I am convinced that as the motor toboggan is further developed, and production again starts after the war we are going to see many more toboggans in use. Many of us have never really experienced life in the back-woods snow country of the midwestern states and Canada in winter. It is hard for us to visualize such a thing as a ten foot snow drift. But such things do exist in the snow-belts; men and communities can be virtually shut off from the rest of the world for long periods during the blizzard seasons. I know my eyes were opened last winter when I had a chance to spend a week of skiing in the Laurentian Mountains in Canada, north of Montreal. In this region it seemed that whole towns moved about on skis, and horse-drawn sleighs were quite common. We saw several "Snow-mobiles", which are queer looking affairs with skis on the front end, and caterpillar-type treads on the rear. Automobiles are rather few and far between there; at times they are out of the question. But it is in regions such as this that the motor toboggan will blossom forth in all its glory. There are many ski resorts throughout this section. I can see great possibilities for the motor toboggan in connection with winter sports centers both in Canada and in the States. Not only could these toboggans be used to transport guests and mail, but they could also be used to bring skiers back to the top of the hill again where no ski-tow was available. For small, isolated resorts or private clubs, these toboggans will find 101 uses.

But then there are many uses for the motor toboggan other than winter sports. Many letters have already come in to the Four-Wheel Drive Auto Co., in Wisconsin, telling of the toboggans already in operation. One letter came from Idaho, telling of a motor toboggan which had been driven 2200 miles on a mail route, over country drifted with snow 4 to 10 feet deep, carrying mail-sacks and express up to 500 lbs. Another man wrote from Bayfield, Wisconsin, telling of his use of the toboggan for commercial fishing over frozen lakes. He tells also of towing two sleds over the ice with loads up to 1800 lbs! Other reports come in telling of the rescuing of snow-bound men in the back-woods country; of a snow-sled rescue party which was able to get nearer to a wrecked plane by snow-sled than by any other means.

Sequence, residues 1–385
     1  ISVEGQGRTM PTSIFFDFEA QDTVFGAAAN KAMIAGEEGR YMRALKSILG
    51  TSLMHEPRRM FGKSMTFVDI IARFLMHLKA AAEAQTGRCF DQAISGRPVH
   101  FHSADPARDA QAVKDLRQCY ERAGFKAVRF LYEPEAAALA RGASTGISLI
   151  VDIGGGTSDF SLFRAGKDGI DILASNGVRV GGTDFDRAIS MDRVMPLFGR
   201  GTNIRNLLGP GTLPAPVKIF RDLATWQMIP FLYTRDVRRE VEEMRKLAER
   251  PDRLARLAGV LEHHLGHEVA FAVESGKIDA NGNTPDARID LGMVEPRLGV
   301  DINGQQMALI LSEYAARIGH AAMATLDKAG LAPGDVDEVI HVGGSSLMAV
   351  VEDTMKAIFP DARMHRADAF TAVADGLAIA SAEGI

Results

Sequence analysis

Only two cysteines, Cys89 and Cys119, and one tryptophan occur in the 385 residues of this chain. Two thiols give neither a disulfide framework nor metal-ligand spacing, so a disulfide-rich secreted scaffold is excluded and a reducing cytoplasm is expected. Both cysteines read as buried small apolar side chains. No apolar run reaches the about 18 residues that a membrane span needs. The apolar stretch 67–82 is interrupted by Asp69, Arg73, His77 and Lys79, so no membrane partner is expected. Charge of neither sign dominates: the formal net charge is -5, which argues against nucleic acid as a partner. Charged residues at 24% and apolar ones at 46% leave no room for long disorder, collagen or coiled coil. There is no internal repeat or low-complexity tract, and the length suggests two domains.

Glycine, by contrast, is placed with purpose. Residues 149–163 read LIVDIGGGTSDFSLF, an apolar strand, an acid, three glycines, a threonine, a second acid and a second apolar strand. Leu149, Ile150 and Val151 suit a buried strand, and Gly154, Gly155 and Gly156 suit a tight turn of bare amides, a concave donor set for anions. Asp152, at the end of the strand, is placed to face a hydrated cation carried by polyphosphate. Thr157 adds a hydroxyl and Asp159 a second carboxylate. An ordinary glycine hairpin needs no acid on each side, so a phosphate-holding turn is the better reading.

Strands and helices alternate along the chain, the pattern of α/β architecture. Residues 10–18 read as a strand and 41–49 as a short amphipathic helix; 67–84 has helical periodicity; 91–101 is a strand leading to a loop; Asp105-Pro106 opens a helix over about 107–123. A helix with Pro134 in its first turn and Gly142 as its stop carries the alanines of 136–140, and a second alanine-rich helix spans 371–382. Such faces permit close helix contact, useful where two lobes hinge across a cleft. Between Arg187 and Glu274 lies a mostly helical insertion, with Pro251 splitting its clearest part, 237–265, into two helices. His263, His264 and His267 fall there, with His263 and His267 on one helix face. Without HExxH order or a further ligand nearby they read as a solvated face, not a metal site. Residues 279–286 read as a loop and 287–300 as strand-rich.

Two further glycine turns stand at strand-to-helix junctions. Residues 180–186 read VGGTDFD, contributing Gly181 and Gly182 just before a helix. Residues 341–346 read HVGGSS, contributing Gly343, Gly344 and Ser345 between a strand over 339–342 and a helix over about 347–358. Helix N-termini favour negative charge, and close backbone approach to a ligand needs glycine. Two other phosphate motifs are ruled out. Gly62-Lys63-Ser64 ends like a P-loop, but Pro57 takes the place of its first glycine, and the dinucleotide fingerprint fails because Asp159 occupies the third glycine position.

A trapper wrote that with his motor toboggan he can easily cover 120 miles in a day; whereas before, he considered it a hard day if he covered 20 miles on snow-shoes. If you have ever covered any ground with snow-shoes, I am sure you will agree with him. Trappers, doctors, ranchers, linesmen, police forces, fish and game commissioners, mail men, fishermen, hunters, and sportsmen - all seem enthusiastic about the motor toboggan. I think perhaps one of the most impressive comments I have heard comes from a man who wrote in the guest-book of Mr. Walter K. Weschler, of Milwaukee, summing up a motor toboggan ride very vividly:

"I am an old man - have travelled far and wide, and thought I had experienced all the thrills of the world until this day when I had my first ride on a motor toboggan skimming over lakes, up and down hills and through the forests at speeds which overtook deer on the run - motor tobogganing is the greatest thrill of all".

Note: Recent production at Indian has included a special lot of engines for the Eliason motor toboggans. These toboggans will be used by linesmen in essential public utility service in the "snow country".